Local pediatrician: Viruses among kids sprouting earlier than in years past
ROCHESTER, N.Y. — The 2022 flu season is barely three weeks old, and pediatricians across the country say they’re seeing more young children being admitted to the hospital for serious respiratory illnesses.
News10NBC talked to one local pediatrician who says these viruses are sprouting earlier than in years past.
Adults are not the only ones getting the flu these days. Doctors say since school started, young children have been more susceptible to both the flu and COVID.
“It’s been chunky lately, but I’m getting by,” said Caleb North as he described his cough. He’s been home from school all week, too sick to attend. Thursday morning his mother Sarah took him to see his pediatrician.
“I’ve had this bad cough since Saturday, and we’re trying to see what’s going on,” said the younger North. “I had a PCR test yesterday. So we’re just trying to know what we’re going to do.”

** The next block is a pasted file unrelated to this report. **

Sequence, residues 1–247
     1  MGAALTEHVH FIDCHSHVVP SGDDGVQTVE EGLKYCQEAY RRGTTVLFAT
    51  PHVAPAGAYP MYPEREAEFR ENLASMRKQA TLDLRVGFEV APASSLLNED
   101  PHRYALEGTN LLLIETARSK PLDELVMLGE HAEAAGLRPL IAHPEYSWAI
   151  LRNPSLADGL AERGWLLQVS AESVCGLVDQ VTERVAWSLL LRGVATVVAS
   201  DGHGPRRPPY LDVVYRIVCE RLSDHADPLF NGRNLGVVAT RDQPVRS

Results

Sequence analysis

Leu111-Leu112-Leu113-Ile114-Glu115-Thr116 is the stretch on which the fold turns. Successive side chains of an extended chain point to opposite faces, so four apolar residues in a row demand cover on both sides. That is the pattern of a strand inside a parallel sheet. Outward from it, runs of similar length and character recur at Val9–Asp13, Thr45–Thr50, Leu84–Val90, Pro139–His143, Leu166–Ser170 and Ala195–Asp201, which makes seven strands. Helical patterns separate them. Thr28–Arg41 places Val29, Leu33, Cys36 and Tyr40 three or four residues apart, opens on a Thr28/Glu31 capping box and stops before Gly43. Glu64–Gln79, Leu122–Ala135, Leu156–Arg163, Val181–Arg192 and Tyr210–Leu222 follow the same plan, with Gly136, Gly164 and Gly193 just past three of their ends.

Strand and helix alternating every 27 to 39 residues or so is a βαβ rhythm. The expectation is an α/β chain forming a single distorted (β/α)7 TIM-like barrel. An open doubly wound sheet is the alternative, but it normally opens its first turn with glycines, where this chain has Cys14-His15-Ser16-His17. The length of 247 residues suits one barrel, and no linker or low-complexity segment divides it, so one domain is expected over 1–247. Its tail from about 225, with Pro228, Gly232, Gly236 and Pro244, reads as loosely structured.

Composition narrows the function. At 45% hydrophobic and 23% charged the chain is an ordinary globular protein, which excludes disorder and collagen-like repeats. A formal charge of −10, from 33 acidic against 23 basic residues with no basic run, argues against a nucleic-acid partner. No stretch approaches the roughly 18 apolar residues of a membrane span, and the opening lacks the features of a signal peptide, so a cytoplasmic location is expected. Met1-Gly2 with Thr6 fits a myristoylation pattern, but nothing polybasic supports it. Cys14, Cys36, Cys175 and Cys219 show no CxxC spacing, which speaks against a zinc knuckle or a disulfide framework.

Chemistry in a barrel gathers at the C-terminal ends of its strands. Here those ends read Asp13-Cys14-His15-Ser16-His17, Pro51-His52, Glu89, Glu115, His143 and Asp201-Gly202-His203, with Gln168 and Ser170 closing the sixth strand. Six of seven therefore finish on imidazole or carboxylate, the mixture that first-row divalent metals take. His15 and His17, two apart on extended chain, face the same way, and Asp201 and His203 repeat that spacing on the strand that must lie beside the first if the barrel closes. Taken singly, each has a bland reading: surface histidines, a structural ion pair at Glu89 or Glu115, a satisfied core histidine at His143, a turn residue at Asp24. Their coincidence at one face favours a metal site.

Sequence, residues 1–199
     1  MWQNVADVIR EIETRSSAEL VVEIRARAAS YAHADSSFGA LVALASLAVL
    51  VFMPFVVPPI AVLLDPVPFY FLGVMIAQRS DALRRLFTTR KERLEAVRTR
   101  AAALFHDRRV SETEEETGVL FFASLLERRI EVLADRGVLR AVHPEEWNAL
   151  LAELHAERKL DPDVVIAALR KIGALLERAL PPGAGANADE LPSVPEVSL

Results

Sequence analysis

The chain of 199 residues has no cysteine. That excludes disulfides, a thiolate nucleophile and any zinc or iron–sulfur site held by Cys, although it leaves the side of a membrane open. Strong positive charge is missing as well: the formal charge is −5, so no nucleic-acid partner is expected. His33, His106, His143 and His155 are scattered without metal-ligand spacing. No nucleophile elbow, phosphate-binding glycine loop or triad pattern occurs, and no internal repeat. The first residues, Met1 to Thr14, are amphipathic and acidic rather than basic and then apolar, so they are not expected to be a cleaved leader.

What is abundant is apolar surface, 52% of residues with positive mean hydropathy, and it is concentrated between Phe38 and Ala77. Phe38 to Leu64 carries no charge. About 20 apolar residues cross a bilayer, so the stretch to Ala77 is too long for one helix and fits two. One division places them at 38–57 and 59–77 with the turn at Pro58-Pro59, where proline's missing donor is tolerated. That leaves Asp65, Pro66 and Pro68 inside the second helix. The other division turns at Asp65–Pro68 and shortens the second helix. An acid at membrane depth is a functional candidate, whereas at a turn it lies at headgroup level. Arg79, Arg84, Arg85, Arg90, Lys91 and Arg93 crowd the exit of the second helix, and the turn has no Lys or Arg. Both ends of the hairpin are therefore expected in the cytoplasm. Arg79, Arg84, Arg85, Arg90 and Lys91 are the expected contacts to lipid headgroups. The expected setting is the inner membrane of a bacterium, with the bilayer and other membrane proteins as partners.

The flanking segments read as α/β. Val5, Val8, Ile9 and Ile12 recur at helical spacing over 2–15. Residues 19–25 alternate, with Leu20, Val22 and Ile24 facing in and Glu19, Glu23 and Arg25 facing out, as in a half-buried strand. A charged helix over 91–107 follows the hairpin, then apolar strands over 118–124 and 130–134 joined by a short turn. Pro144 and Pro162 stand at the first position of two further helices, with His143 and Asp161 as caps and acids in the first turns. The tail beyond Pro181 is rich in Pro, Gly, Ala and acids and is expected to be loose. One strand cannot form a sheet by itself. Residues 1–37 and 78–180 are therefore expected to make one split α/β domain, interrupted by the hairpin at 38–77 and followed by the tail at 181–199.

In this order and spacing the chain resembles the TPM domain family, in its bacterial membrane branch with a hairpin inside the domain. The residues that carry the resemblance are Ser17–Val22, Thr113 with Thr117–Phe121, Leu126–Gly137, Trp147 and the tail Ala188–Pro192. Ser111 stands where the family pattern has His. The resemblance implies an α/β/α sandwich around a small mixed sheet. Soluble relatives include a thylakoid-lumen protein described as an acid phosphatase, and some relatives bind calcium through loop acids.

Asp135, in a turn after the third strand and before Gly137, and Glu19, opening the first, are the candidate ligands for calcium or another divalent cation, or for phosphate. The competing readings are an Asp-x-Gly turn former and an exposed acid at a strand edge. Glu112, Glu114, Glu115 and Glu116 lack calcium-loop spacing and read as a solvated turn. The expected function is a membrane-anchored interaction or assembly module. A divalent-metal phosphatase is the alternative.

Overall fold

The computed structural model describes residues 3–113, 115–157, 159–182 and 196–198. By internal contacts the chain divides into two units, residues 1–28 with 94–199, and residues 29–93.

Mom is taking a preventative step.
“I’m just concerned that my kids are going to get it and then pass it on to other kids at school and just miss a lot of school,” said North. “So we just want to make sure that they’re OK and not spreading diseases to other people.”
Dr. Edward Lewis says since school started, the number of children getting COVID has increased a bit, but nothing like kids coming in with croup, “which is parainfluenza, gives you a barky cough,” said Lewis. “Sounds like a seal, and we’re seeing run-of-the-mill viruses like enterovirus [and] rhinovirus that cause common colds.”
Now that masks are off, Dr. Lewis says young children are catching the viruses because they are in close contact with other infected children.
“We’re seeing a lot more illness that we have in the past 30 months, not because kids are being sent home for COVID testing but because kids are coming in with COVID symptoms,” said Lewis.
New York State has recorded over 600 positive flu cases already this year. Last year the state tallied 4,900 cases. Dr. Lewis says the number of young patients coming in has had a big impact on his office.
“We’re stretched pretty thin with giving vaccines,” said Lewis. “We’re trying our best between flu vaccines, routine visits, illness, COVID vaccines for the under 5-year-olds, boosters for those over 12-years-old. My staff is ragged.”